Singapore dollar hits 5-year low of 1.4150 to US dollar after China weakens yuan again

A money changer counting Singapore dollars in Raffles Place.
A money changer counting Singapore dollars in Raffles Place. PHOTO: ST FILE

SINGAPORE (REUTERS, AFP) - The Singapore dollar hit a fresh five-year low on Wednesday (Aug 12) as China's central bank devalued its currency for the second day in a row.

The Singdollar fell nearly 1 per cent to 1.4150 per US dollar, its weakest since June 2010.

China cut the value of the yuan against the US dollar by 1.62 per cent on Wednesday, the official Xinhua news agency said, the second reduction in two days. The daily fix that sets the value of the Chinese currency against the greenback was lowered to 6.3306 yuan, from 6.2298 on Tuesday, Xinhua quoted national foreign exchange market data as showing. It is the weakest guidance rate for the currency since October 2012.

The yuan fell to as low as 6.4301 per US dollar, the weakest since August 2011, mauling Asian currencies.

Malaysia's ringgit sank to a fresh 17-year low of 3.9975 against the US dollar, the lowest since 1998. South Korea's won declined 0.8 per cent to 1,188.88 against the US dollar and Taiwan's dollar slid 0.3 per cent to NT$32.17. Indonesia's rupiah dropped 1.9 per cent to 13,776 against the US dollar, while the Philippine peso dropped 0.5 per cent to 46.17.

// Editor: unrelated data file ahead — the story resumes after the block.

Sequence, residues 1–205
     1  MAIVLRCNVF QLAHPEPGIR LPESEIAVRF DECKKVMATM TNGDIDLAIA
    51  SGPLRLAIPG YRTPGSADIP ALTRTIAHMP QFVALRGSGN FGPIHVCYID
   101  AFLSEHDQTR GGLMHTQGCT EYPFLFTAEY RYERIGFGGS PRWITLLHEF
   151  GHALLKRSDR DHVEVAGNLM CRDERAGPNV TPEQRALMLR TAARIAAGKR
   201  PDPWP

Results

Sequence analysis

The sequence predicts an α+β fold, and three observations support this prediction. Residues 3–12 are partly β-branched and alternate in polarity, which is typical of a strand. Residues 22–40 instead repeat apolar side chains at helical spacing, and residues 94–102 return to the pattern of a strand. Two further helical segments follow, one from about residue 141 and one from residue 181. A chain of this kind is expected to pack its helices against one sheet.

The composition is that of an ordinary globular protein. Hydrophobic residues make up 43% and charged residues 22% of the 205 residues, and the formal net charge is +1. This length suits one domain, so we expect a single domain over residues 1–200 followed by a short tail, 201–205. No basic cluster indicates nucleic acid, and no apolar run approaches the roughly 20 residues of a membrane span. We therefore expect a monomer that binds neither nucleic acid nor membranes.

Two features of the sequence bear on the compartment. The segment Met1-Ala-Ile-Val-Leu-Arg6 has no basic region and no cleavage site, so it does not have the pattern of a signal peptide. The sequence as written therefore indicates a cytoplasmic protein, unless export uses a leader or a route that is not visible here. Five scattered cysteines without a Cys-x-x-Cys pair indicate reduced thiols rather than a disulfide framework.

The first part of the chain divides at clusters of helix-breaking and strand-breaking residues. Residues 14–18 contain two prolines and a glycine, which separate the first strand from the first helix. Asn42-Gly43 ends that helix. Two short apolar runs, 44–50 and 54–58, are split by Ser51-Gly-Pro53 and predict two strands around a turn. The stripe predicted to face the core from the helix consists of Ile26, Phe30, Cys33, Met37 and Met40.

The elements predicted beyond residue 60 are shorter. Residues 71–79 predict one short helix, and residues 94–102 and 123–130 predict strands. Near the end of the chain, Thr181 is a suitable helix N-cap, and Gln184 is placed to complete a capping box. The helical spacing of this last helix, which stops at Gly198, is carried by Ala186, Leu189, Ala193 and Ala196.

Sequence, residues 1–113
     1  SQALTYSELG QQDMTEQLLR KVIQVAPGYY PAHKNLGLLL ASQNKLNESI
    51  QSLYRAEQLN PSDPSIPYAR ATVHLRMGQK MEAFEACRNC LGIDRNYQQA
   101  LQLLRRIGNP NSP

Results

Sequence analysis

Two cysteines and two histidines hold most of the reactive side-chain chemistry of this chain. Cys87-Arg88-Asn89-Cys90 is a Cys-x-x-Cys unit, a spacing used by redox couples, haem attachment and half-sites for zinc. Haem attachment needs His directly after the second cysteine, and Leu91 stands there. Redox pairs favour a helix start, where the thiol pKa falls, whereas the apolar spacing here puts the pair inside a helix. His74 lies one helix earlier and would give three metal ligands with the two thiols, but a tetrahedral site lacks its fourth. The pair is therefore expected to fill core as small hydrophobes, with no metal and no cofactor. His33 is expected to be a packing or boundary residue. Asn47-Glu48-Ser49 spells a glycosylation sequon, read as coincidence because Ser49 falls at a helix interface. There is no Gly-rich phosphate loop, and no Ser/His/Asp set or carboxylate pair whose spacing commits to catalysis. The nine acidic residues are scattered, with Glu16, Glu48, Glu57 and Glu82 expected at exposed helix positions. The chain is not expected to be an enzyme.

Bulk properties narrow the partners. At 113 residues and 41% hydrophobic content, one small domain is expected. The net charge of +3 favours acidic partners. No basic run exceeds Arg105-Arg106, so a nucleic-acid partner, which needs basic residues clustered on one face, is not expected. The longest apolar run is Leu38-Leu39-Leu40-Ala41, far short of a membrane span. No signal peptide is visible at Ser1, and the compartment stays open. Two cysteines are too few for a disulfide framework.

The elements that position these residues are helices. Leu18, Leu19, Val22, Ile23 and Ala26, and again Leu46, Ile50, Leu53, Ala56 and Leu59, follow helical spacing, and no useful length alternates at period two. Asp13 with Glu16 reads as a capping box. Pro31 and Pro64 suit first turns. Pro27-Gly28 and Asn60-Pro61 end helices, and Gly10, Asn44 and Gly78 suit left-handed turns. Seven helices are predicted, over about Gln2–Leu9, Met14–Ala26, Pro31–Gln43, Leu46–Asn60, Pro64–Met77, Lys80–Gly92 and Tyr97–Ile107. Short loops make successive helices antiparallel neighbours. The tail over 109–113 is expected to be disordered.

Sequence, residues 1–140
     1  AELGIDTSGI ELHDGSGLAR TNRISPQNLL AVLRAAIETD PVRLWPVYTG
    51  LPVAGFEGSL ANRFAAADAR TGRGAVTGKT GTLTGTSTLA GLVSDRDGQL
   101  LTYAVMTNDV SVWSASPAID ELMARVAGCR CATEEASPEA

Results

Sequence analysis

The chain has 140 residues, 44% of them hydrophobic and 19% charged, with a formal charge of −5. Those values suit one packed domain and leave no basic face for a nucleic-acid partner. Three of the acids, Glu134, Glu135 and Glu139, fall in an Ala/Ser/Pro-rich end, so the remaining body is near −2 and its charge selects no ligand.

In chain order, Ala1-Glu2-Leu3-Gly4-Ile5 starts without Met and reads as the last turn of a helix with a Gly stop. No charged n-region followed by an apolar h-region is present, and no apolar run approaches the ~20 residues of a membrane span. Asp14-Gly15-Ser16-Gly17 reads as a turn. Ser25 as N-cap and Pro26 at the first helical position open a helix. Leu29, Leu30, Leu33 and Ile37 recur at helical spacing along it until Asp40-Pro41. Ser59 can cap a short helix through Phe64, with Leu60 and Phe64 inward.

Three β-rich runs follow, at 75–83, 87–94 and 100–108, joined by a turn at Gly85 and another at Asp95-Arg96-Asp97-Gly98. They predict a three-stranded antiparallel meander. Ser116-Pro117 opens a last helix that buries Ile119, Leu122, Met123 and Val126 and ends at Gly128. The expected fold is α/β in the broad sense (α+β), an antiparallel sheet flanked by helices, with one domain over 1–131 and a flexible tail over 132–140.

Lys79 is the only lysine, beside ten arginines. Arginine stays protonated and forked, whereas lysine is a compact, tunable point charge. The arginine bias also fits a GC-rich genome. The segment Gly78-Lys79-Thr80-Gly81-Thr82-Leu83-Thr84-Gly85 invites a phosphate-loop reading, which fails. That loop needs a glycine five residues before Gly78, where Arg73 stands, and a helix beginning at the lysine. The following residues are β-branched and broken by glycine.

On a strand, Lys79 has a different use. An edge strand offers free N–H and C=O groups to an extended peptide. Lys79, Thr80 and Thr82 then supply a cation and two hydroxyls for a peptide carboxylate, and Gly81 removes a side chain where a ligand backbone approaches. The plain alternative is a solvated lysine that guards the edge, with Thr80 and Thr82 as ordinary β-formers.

Singapore's dollar closely tracks the yuan as traders and analysts believe it is included in the undisclosed currency basket used by the Monetary Authority of Singapore to manage monetary policy.

MAS said on Wednesday that the Singapore dollar remains within its policy band despite the recent volatility in foreign exchange markets. It said that it stands ready to prevent excessive volatility in the Singapore dollar.

The devaluation in the yuan's midpoint on Wednesday following a 1.8 per cent depreciation on Tuesday is based on analysis of fresh economic data and improved quotation mechanism, China's central bank said in a statement posted on its website.

But it added that there was no basis for a sustained depreciation in the yuan given global and domestic economic conditions.